Ranjith Page, now Deputy Chairman of Cargills, who during the decade to 2010 led the firm through a competition shattering growth phase is notably ambitious;”My vision for Cargills is to be bigger than any of the other big food multinational companies and to create brands that can stand out beyond Sri Lanka,” he says during an interview at the firm’s historic York Street office where Cargills is still headquartered.

Food City is the public face of the firm’s transformation to a high growth company in the last decade. However unseen, it’s fully owned food manufacturing unit called Cargills Quality Foods (CQF) has become a large venture. Unlike the retail business which does not have any multinational competitors, processed food is extremely competitive. The two global food behemoths Nestle and Unilever have both operated in Sri Lanka for decades.

For food multinationals, Sri Lanka ticks all the boxes except one. The country has an open market economy, it allows multinationals to hold majority ownership of the business, a trainable workforce and a welcoming government. The only disqualification would if at all be the relatively small population which won’t deter Nestle or Unilever because they have already been here for decades.

Cargills Quality Foods (CQF) took off in 1992 with the purchase of a small meat company that marketed under the ‘Goldie’ brand. “We invested to upgrade the facility. It took a while to build market share because meatballs and sausages became a commodity. So we invested further in 2007 and built a plant today that not only supplies Sri Lanka but also exports,” says Page about its new meat processing facility at Ja-Ela.

It was around a decade earlier, in 1983, that Cargills opened its first ‘Food City’ branded supermarket at Staples Street in Colombo at a time when grocery sales all happened at corner stores where a few drab items, often kept well out of the reach of shoppers, were fetched by a shop assistant.

Supermarkets still have a long way to go. Even today most people buy food from daily markets or directly from producers. Organized food production and consumption of processed and branded food remain relatively new.

Page also didn’t fully realize the potential of food and the retail trade till much later. His meeting a group of rural farmers, who were struggling to achieve a reasonable return from their agriculture investment in 1999, was a watershed for the group. It convinced Page, who wears a Sri Lankan flag tiepin on the pocket of his crisp white shirt, that Cargills needed a greater social ethos to grow and succeed as a food company.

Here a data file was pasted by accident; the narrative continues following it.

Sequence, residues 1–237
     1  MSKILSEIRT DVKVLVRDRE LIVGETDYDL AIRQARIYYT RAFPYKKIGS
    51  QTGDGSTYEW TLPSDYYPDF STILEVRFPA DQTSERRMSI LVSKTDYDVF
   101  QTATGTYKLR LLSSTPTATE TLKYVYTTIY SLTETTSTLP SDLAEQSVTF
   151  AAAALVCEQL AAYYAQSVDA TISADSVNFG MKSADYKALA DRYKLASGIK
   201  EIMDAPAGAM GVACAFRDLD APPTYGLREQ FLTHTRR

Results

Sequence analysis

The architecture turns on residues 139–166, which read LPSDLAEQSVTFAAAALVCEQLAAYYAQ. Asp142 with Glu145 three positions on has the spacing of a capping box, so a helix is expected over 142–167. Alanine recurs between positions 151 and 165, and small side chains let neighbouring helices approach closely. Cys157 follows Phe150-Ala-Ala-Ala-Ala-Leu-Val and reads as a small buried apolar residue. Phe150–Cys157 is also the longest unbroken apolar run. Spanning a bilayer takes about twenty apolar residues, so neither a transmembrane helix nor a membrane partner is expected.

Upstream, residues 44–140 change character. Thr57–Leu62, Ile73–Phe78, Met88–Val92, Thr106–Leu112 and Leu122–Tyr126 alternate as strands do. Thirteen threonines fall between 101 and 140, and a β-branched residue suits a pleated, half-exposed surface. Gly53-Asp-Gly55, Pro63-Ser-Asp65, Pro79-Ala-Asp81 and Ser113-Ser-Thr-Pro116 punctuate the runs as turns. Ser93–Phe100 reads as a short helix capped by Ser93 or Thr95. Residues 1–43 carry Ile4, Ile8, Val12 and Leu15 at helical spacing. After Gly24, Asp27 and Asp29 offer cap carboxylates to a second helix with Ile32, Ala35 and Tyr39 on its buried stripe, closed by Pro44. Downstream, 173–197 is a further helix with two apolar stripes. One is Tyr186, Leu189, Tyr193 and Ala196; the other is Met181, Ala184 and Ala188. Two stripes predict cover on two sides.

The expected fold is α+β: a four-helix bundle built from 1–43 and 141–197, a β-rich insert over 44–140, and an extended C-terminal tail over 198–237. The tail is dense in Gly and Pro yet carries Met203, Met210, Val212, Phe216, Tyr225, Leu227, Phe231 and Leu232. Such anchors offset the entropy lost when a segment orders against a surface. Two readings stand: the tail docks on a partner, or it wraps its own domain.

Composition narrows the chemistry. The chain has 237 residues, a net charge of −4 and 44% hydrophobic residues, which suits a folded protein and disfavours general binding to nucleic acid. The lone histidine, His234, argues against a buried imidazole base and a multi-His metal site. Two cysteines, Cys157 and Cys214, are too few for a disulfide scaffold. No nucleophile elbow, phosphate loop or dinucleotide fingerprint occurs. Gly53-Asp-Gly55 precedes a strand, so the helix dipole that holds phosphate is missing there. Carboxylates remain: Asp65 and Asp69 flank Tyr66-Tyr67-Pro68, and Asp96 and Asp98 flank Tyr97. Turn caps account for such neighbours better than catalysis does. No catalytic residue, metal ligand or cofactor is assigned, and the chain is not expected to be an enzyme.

This is because food is both an emotional, as well as an economic, issue. People have strong feelings about food and it’s affordability unlike they would about shampoo or washing-powder. In Sri Lanka food is also about national identity and yearning for an era when the country produced a grain surplus. “When we got in to food in 1992 I thought of CQF as a unit to feed Food City and that’s it. It’s much later that I realized there is a huge market out there because food is consumed daily,” points out Page.

Cargills, he told the board of directors, could create something new and impact the lives of many farmers by directly sourcing produce from them instead of purchasing it at the wholesale market. “Until that day I didn’t see the point in going out to serve one supermarket and one manufacturing unit by going to the farm gate,” he says about 1999 when Food City was a single outlet in Colombo and ‘Goldie’ meats factory had limited output.

Circumstances also conspired. The Page family controlled Ceylon Theatres and had acquired control of Cargills & Millers in 1982 but the business was drifting. “We had to do something to get the company on the right track,” says Page about the sense of desperation that was beginning to set in. “It was an emotional case. It was also the best thing I did and that’s what made the company. That’s why the consumer trusts us,” he says of the transformation since 1999 when they started purchasing produce from the farm-gate by setting up a collection center.

When Ranjith Page first pitched the idea of a role for Cargills in a ‘big society’ he said “let’s give it our best shot,” to be met by skeptical reactions of doing something that’s ‘not up our street’. Page prevailed for the want of another option.

In a decade Page built Cargills in a hurry, both retail and food operations. In the year 2000 the firm launched its iconic ‘On your way home’ TV advertising campaign, inviting middle class Sri Lankans’ to try its supermarkets. It was an overwhelming hit that broke the notion of supermarkets serving only the affluent.

Success with food and retail has uniquely positioned Cargills to occupy every single stage in the value chain. It isn’t unusual for supermarkets to offer ‘private label’ products, but to have its own food manufacturing is. In fact CQF is now a formidable unit accounting for 43% of group turnover and 56% of profits in 2010. While dominating the value chain the recognition of the emotional ties people have with food has been engrained in to the organization’s value system.